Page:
This new edition has been comprehensively revised and updated, with new chapters added on poststructuralism, postcolonialism, securitization, peace and violence, development, women, peace and security, cybersecurity, and outer space.
Divided into four parts, the text provides students with a detailed, accessible overview of the major theoretical approaches, key themes, and most significant issues within security studies.
Collecting these related strands into a single textbook creates a valuable teaching tool and a comprehensive, accessible learning resource for undergraduates and MA students.
Paul D. Williams is Associate Professor and Associate Director of the Security Policy Studies MA Program in the Elliott School of International Affairs at the George Washington University. Dr Williams is also a non-resident senior adviser at the International Peace Institute in New York. His most recent publications include Fighting for Peace in Somalia: A history and analysis of the African Union Mission (AMISOM), 2007–2017 (Oxford University Press, 2018); War and Conflict in Africa (Polity, 2nd edition, 2016); The Oxford Handbook of United Nations Peacekeeping Operations, edited with J. Koops, N. MacQueen, and T. Tardy (Oxford University Press, 2015); Providing Peacekeepers: The Politics, Challenges, and Future of United Nations Peacekeeping Contributions, edited with A.J. Bellamy (Oxford University Press, 2013); and Understanding Peacekeeping, with A.J. Bellamy (Polity, 2nd edition, 2010).
Matt McDonaldis Reader in International Relations at the School of Political Science and International Studies at the University of Queensland. His most recent publications include Ethics and Global Security: A Cosmopolitan Approach, with Anthony Burke and Katrina Lee-Koo (Routledge, 2014) and Security, the Environment and Emancipation (Routledge, 2012). He is co-editor of the Australian Journal of Politics and History.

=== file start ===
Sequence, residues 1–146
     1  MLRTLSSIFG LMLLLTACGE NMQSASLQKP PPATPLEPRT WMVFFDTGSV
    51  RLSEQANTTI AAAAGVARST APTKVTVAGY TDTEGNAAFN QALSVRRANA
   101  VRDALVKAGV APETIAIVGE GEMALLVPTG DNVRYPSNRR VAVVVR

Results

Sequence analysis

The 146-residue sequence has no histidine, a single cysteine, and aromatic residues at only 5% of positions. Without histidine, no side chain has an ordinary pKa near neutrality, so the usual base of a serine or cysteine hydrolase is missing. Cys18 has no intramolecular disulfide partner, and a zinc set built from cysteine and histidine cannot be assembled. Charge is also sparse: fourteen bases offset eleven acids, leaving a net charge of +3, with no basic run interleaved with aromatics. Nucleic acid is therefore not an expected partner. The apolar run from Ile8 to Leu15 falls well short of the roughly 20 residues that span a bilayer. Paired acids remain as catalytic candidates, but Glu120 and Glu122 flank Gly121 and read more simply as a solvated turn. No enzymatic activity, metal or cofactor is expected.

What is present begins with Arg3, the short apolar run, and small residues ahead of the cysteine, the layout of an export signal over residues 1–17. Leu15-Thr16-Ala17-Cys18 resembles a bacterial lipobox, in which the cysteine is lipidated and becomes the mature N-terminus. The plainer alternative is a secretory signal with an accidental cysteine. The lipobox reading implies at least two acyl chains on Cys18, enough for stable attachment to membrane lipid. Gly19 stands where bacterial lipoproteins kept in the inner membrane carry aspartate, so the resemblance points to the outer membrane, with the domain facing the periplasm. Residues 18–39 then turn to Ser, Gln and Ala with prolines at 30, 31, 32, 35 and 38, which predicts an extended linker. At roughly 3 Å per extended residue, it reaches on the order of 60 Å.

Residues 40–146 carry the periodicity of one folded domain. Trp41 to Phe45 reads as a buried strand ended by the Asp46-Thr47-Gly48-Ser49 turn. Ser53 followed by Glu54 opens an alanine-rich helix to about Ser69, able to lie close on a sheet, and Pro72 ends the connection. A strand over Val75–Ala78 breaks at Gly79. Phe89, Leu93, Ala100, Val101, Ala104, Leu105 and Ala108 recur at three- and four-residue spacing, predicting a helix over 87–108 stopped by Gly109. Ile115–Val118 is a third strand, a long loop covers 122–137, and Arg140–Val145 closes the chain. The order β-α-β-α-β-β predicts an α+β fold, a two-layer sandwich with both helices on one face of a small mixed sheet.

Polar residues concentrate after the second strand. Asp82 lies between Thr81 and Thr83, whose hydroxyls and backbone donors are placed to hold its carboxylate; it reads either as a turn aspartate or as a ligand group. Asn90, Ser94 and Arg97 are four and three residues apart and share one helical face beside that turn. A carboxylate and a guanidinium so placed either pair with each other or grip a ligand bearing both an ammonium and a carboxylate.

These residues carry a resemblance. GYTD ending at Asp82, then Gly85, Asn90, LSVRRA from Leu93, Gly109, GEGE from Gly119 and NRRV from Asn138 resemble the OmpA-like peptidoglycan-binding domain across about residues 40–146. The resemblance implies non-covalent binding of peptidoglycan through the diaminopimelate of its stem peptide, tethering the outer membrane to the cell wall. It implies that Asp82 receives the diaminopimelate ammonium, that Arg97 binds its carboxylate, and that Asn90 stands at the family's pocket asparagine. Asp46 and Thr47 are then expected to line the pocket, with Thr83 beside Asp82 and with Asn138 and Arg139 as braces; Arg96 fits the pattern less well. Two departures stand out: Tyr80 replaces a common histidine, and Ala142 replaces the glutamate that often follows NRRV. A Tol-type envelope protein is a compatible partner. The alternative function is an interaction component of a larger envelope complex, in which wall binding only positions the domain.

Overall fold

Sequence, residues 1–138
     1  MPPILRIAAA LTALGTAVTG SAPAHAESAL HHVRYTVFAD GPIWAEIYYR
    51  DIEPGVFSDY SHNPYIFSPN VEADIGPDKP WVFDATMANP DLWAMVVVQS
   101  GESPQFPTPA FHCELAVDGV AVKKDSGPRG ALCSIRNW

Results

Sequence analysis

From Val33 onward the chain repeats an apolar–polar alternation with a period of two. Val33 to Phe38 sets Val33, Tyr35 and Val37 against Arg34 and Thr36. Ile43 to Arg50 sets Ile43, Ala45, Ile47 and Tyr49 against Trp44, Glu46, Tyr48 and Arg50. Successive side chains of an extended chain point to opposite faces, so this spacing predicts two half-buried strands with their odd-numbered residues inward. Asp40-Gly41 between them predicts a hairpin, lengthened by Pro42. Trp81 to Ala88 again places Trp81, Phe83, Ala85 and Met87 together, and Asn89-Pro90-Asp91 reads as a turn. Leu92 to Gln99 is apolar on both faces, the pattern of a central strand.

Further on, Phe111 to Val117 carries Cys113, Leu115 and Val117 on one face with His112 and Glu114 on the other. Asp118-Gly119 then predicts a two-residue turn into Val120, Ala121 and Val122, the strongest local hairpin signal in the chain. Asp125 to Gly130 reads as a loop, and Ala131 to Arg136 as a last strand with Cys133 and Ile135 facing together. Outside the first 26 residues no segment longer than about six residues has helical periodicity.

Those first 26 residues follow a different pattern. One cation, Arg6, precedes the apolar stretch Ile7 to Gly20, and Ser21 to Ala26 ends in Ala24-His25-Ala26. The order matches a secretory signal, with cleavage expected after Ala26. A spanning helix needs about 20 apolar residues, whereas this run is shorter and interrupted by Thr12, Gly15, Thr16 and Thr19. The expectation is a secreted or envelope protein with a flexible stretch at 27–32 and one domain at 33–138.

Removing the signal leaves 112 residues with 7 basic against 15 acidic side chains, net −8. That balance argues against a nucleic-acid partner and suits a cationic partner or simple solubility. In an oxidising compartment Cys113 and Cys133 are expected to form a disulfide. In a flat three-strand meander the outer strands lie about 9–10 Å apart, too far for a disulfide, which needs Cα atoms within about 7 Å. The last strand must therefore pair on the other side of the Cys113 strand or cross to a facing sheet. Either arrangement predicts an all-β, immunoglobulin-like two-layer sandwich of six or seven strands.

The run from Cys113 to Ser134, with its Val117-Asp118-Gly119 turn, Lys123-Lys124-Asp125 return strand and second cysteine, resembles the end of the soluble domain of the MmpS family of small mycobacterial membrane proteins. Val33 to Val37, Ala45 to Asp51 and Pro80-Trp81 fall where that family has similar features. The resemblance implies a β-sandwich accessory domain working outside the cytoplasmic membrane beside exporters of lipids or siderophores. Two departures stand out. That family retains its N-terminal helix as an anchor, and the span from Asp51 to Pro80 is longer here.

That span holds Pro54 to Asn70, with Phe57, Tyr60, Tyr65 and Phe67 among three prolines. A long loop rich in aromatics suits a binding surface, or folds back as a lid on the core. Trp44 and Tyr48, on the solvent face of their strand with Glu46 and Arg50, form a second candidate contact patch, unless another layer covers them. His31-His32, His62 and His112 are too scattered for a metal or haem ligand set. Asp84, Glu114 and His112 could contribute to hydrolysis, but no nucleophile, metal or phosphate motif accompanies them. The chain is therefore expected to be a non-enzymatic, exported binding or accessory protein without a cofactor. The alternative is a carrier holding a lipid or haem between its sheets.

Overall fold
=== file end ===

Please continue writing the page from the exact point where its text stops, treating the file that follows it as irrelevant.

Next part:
By exploring the many differing conceptions of security, this study clearly explains how the idea of security in world affairs can be understood in relation to other ideas and points of view. It shows how, when standing alone, the word ‘security’ is meaningless, or just an empty term, when divorced from other ideas distinctive to international life. This essential new volume tackles the key questions in the debate:
what norms of sovereignty relate to security? does security necessarily follow from the recognition of identity? what sort of obligations in respect of security attach to power? how far can a political arrangement of empire remedy human insecurity? can trusteeship provide security in a world of legally equal sovereign states? is security the guarantor of freedom?
This book is an excellent resource for students and scholars of security studies and politics and international relations.
This book provides an innovative study of future wars, crises and transformations of the global political economy. It brings together economic theory, political economy, peace and conflict research, philosophy and historical analogy to explore alternatives for the future.